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Rogozha

Russia

Main commodities: Ni
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The Rogozha lateritic nickel deposit is located near the town of Yekaterinburg (Sverdlovsk) in the central Urals of the Russian Federation, and is just to the north of the Volkovo Cu deposit (see separate record).

Rogozha is a crescent shaped-linear deposit developed as a gently dipping planar body within a crush zone, overlain by un-lateritised rock. It lies on the northern margin of a peridotitic-serpentinite complex. The texture and morphology of the deposit are determined by a system of joints/fractures which strike at 60 to 65° and dip south-eastwards at 60°. This zone of fracturing has been traced in drilling to depths of 300 m.

The zone of fracturing defines a crush zone that is 120 to 140 m wide. The orebody has been formed in the weathered crush zone where it cuts the serpentinite, and are best developed in the upper sections of the deposit, in the centre of the crush zone. The ochreous-siliceous zone comprises the principal Ni bearing ore, generally being 2 to 28 m thick. The mineralogy is hydrogoethite, goethite, limonite, hydrohematite, quartz, halloysite and hydrous oxides of Mn (Smirnov, 1977).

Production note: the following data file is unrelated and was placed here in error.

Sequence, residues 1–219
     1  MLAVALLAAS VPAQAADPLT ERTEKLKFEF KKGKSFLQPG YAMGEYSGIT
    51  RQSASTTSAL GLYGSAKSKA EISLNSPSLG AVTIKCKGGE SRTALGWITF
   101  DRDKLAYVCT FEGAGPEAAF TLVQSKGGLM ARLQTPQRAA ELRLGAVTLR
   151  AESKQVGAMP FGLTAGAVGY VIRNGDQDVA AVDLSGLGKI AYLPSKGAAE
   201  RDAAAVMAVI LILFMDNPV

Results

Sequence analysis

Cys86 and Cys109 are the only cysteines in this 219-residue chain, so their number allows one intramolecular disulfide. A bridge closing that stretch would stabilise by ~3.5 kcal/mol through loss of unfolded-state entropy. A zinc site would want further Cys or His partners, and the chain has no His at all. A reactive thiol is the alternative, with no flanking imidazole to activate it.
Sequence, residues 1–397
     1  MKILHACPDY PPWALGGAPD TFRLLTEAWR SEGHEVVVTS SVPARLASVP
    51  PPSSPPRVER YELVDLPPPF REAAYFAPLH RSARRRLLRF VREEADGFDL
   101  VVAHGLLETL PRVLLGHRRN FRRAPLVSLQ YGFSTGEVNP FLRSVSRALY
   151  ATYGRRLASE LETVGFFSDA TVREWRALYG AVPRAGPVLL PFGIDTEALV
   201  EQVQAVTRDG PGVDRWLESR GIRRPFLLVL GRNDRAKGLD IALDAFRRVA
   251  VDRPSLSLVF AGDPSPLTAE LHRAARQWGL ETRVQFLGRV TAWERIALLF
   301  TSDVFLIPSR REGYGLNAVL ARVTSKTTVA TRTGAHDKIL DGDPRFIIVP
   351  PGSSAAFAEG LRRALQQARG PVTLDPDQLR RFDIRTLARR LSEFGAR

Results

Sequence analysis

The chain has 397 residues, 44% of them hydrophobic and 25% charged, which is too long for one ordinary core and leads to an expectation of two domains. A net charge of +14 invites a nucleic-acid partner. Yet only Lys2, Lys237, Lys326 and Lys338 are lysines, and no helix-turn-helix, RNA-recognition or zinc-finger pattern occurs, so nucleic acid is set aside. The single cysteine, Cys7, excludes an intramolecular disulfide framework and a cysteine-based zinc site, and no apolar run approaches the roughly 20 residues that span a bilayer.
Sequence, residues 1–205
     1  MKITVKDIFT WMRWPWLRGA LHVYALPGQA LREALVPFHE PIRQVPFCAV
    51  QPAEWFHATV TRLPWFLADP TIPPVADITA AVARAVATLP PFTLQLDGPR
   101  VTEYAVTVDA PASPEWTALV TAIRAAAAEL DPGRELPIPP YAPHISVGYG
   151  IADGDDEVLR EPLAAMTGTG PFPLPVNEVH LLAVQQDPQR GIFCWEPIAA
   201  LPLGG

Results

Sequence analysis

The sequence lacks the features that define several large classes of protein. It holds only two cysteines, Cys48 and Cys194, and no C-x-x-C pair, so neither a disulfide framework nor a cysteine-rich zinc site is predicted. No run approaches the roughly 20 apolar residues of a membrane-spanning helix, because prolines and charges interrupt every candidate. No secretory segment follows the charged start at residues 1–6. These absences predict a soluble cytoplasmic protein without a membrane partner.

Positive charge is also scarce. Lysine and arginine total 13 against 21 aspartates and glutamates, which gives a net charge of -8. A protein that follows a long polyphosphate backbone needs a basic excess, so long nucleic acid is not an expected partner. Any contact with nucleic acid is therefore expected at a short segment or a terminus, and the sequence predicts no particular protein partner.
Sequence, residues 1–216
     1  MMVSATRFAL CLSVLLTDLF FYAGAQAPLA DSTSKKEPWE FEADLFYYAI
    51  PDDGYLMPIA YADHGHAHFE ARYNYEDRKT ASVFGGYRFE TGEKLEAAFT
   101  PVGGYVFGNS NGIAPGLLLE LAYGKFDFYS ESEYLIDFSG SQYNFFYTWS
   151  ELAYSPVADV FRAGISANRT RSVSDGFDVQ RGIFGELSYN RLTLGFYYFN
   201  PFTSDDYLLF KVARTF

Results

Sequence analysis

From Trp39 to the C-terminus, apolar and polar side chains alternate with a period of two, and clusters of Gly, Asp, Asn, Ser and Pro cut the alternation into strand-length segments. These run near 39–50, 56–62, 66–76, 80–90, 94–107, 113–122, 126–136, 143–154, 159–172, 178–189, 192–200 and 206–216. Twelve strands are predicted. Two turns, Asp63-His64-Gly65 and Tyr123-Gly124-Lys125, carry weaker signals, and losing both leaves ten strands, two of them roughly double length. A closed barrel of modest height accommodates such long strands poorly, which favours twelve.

The orebody dips at 50 to 55°, with a strike length of 160 m and down dip extent of 120 m vertically. Ore is continuous near the surface, but is dismembered in the lower sections. The average assay values of the ochreous-siliceous zone is: 0.86% Ni; 0.098% Co; 13.3% SiO2 ; 65.1% Fe2O3; 4.0% MgO ; 9.5% Al2O3 (Smirnov, 1977).

The most recent source geological information used to prepare this summary was dated: 1996.    
This description is a summary from published sources, the chief of which are listed below.
© Copyright Porter GeoConsultancy Pty Ltd.   Unauthorised copying, reproduction, storage or dissemination prohibited.


  References & Additional Information

Porter GeoConsultancy Pty Ltd (PorterGeo) provides access to this database at no charge.   It is largely based on scientific papers and reports in the public domain, and was current when the sources consulted were published.   While PorterGeo endeavour to ensure the information was accurate at the time of compilation and subsequent updating, PorterGeo takes no responsibility what-so-ever for inaccurate or out of date data, information or interpretations.

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